We caught a ferry to Chuang Chau from Pier 5 on Hong Kong Island. We had a choice—a slow ferry which takes an hour, or a fast ferry which takes 40 minutes. We went with the slow boat, and sat on hard seats next to an open window, enjoying the view as we rattled our way through the water (it’s not a new boat). The seats were comfy, and clean enough, though it’s important to choose your neighbours carefully, as an hour in front of a screaming toddler or a loud old man or a group of noisy teenagers, is a very long hour. The ferry has several signs – signs telling you not to smoke, and to remain seated, and that gambling is forbidden. I have seen the last sign several times since we’ve been in Hong Kong, gambling is clearly a thing here.
Hong Kong is a busy port, and we passed huge container ships, and tugs, and fishing boats of all sizes. It was a cloudy day, and many of the islands were hidden in the mist.
Cheung Chau greeted us with colour and bustle and noise, there was something exciting in the air as we approached.
May is the bun festival, and as we left the pier we could see stall after stall selling buns, and the quay was lined with bright flags, and everyone was in party mood. The buns are white, and round, and stamped with various characters (Chinese script)—they said things like ‘wealth’ or ‘peace’ or ‘good luck’. If you looked behind the stalls, you could watch people making the buns, tray after tray being put into ovens, or stamped with the character, or put into boxes ready to be sold. People were buying them to take home, or to eat straight away, and there were several flavours: sesame, or red bean paste, or lotus bean. People walked along the street eating them, browsing the stalls and shops crowded with trinkets and gifts. There were also bun-shaped mementoes, we bought a bun-shaped cushion and a fridge magnet.
Now, you might be wondering, why buns? I’m not entirely sure, but the festival is related to one of the island’s gods, Pak Tai. In the early 1800’s, there was a plague, and the people believed that Pak Tai saved the island from this plague. In return, they offered mountains of buns to the resident ghosts. (To be honest, I’m not sure why they offered buns—it’s a fishing island, so offering fish would have made more sense—perhaps they thought the ghosts liked buns. I’m also not sure why they offered them to the ghosts, and not to Pak Tai. But anyway, that’s the only explanation that I found.) Every year, the island holds a bun festival to remember that they were saved from the plague. They make huge towers of buns, and the children climb them. Except, fairly recently, there have been some horrid accidents, so now some health and safety regs have been put in place, so the bun towers are built on a solid structure, and the climbers wear harnesses.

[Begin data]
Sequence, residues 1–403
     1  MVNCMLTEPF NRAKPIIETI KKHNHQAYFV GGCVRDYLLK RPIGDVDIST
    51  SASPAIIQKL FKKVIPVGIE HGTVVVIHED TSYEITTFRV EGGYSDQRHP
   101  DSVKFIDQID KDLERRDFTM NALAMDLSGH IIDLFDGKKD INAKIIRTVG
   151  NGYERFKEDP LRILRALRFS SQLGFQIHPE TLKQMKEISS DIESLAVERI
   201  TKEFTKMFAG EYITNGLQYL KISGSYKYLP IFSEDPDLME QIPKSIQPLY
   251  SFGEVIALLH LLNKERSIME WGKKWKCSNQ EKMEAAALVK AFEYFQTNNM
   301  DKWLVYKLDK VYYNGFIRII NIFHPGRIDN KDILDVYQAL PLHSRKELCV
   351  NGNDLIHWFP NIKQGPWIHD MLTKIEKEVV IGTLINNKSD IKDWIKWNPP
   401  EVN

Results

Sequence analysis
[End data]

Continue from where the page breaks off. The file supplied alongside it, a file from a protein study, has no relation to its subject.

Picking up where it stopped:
We wandered up to the Pak Tai temple. There were bun towers being constructed. There was also a stage, with a Chinese opera, which we watched for a few minutes. If I’m honest, a few minutes of Chinese opera is long enough for me—I don’t really enjoy it. There were also washrooms. (Note, when travelling in China, the Buddhist temples always have the nicest, cleanest, toilets…Christians should take note of this and try to keep up.)
We bought ice-creams, and wandered back to the quay to watch the fishing boats. Then we crossed the island again, and looked at the beach. There’s a net, to stop the sharks eating the swimmers. (When I was in Hong Kong a few years ago, with a friend who lives here, I asked her if shark attacks were common. “Oh no,” she said, “Only about 3 swimmers a year are eaten.” I think the net is a good idea.)
We passed a school, with cute children in uniform running to meet their friends. Cheung Chau is a very normal place, you can see lots of ‘real life’ as well as all the touristy bits.
It was a lovely day, and there were plenty of ferries, so when we’d seen enough we went back to Kowloon (taking care not to gamble on the ferry).
Afterwards, I worried about the cushion we had bought – is it ‘wrong’ to have things from other religions in the house? Is it rude to God? I don’t think I would want a Buddha, or a Hindu statue in my home, but did a bun-shaped cushion matter? If I believe that God is the only God (which I do) then I should be careful not to ‘hedge my bets’ by also having lucky talisman. I decided that it was fine. For me, it represents a happy day out, and an interesting tourist sight, it has no ‘religious’ or ‘lucky’ connotations for me. Perhaps it worries me because it’s unfamiliar. There are symbols from other religions that are familiar, and I never worry about those—for example, every year I have a Christmas tree in my house, yet those came from the sun god Balder (for me, they are simply part of the Christmas tradition). I also will give and receive Easter eggs, but I never think they will increase fertility, nor do I worry that they originated from Eastex, the pagan goddess. My bun cushion has the Chinese character for ‘peace’ on it, which is not a bad thing to have written on a cushion, and it is a cushion, nothing else.
Thanks for reading, remember not to gamble on your way to work. Take care.
Love, Anne x
If you enjoyed this, why not read my travel book? It makes a nice gift too… (you can read it for free if you have a Kindle.)